There is an old saying that when all you have is a hammer, everything looks like a nail. Central banks’ hammer is interest rates, and with rising inflation, the banks have no choice but to use that hammer to beat down inflation. And hammering the nail too hard for too long in an attempt to stop inflation also hammers down economic activity, pushes bond yields higher and continues to put pressure on risk assets.
For investors, that means they must constantly evaluate the amount of economic damage that is being priced into equities because of the hammering. This is no longer a “buy the dip” macro environment, according to asset manager BlackRock’s 2023 Global Outlook. In fact, the report notes, “Corporate earnings expectations have yet to fully reflect even a modest recession.”
If investors have been looking at government bonds to protect their portfolios, that is unlikely to happen in the current environment:
The negative correlation between stock and bond returns has already flipped, … meaning they can both go down at the same time. Why? Central banks are unlikely to come to the rescue with rapid rate cuts in recessions they engineered to bring down inflation to policy targets. If anything, policy rates may stay higher for longer than the market is expecting.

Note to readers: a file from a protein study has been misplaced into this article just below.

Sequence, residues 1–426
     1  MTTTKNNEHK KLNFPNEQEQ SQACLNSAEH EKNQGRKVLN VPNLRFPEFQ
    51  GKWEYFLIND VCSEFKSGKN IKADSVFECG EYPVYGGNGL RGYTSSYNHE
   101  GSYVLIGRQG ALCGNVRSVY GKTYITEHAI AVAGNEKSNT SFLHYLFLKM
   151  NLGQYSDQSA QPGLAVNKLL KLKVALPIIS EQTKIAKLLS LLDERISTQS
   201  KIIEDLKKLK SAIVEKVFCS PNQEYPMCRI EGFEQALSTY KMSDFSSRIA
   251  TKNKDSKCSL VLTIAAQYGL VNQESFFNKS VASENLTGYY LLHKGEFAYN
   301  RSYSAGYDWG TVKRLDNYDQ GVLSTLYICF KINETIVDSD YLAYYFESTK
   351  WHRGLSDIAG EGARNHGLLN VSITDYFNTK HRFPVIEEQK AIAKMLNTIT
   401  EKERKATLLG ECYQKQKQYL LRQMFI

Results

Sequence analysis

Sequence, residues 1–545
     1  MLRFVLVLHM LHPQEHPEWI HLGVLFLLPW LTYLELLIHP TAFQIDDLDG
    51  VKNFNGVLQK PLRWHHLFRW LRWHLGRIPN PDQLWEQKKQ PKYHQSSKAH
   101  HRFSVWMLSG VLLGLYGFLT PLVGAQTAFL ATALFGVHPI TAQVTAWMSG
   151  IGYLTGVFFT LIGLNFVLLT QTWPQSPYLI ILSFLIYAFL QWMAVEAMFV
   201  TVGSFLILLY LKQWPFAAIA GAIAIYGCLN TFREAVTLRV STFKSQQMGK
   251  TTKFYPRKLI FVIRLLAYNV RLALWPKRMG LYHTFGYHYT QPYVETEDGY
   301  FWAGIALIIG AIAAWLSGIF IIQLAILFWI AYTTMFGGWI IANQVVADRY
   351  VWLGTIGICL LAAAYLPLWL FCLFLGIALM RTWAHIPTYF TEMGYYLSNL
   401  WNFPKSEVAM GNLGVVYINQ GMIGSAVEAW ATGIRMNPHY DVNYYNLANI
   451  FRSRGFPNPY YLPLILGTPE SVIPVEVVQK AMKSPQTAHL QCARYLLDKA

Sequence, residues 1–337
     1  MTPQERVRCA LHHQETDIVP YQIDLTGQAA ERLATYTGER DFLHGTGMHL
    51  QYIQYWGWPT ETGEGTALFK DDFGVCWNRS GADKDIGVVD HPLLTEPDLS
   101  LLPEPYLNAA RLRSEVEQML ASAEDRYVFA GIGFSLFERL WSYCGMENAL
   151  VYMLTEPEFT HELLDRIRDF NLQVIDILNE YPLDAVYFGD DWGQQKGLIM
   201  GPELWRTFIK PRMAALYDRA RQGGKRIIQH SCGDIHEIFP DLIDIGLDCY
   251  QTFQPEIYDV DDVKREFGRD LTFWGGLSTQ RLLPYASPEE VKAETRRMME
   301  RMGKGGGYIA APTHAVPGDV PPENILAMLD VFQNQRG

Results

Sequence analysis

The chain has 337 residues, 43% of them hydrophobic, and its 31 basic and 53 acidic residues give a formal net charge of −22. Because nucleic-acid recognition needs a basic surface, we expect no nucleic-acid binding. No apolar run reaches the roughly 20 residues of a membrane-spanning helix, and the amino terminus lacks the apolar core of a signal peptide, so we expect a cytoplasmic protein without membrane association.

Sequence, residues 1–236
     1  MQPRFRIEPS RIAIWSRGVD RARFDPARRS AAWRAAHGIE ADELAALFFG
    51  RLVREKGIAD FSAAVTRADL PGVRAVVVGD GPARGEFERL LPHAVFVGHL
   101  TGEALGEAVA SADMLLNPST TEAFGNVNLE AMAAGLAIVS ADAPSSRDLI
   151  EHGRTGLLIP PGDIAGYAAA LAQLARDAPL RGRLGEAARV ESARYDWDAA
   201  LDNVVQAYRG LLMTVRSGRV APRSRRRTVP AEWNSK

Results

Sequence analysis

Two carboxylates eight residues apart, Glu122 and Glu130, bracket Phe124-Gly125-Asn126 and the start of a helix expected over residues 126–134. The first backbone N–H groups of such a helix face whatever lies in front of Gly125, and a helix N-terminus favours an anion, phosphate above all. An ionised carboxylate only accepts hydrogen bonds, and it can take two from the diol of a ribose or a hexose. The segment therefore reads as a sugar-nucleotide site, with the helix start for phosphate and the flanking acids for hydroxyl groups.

The somewhat better news is that BlackRock’s Investment Institute, which authored the report, expects central banks eventually to halt the rate hikes as the damage to the economy becomes apparent. The firm expects to become more positive on risk assets sometime in 2023 but says, “We are not there yet.”
In the short term (6 to 12 months), BlackRock is underweight in developed market equities in general and specifically in the United States, the United Kingdom and the rest of Europe. The firm is neutral on Japan, China, emerging markets in general, and Asia, excluding Japan.
For fixed-income investments, BlackRock is underweight long-dated U.S. Treasuries and neutral on short Treasuries. The firm is slightly overweight on global inflation-linked bonds, neutral on Chinese government bonds and underweight on European government bonds and U.K. gilts.
Looking at longer term strategic investments, global investment-grade corporate credit gets BlackRock’s most positive notice while U.S. agency debt (mortgage-backed securities) is also overweight but at a lower level. BlackRock is neutral on emerging market currency and Asia fixed income.
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